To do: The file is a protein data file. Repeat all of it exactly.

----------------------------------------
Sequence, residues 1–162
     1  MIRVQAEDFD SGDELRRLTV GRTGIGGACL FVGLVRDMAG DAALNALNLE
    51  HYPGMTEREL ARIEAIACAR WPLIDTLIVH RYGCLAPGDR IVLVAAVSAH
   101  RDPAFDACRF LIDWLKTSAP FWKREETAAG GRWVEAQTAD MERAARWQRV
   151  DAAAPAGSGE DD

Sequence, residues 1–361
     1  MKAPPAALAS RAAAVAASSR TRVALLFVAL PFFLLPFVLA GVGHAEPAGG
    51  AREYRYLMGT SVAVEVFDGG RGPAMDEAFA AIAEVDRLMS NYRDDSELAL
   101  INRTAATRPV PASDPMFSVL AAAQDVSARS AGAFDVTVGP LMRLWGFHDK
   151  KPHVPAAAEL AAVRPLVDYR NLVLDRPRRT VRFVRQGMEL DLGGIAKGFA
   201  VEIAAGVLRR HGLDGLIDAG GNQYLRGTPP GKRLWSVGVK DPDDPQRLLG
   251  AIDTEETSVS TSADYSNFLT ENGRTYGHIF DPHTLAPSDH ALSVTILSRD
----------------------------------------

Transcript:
Sequence, residues 1–162
     1  MIRVQAEDFD SGDELRRLTV GRTGIGGACL FVGLVRDMAG DAALNALNLE
    51  HYPGMTEREL ARIEAIACAR WPLIDTLIVH RYGCLAPGDR IVLVAAVSAH
   101  RDPAFDACRF LIDWLKTSAP FWKREETAAG GRWVEAQTAD MERAARWQRV
   151  DAAAPAGSGE DD

Sequence, residues 1–361
     1  MKAPPAALAS RAAAVAASSR TRVALLFVAL PFFLLPFVLA GVGHAEPAGG
    51  AREYRYLMGT SVAVEVFDGG RGPAMDEAFA AIAEVDRLMS NYRDDSELAL
   101  INRTAATRPV PASDPMFSVL AAAQDVSARS AGAFDVTVGP LMRLWGFHDK
   151  KPHVPAAAEL AAVRPLVDYR NLVLDRPRRT VRFVRQGMEL DLGGIAKGFA
   201  VEIAAGVLRR HGLDGLIDAG GNQYLRGTPP GKRLWSVGVK DPDDPQRLLG
   251  AIDTEETSVS TSADYSNFLT ENGRTYGHIF DPHTLAPSDH ALSVTILSRD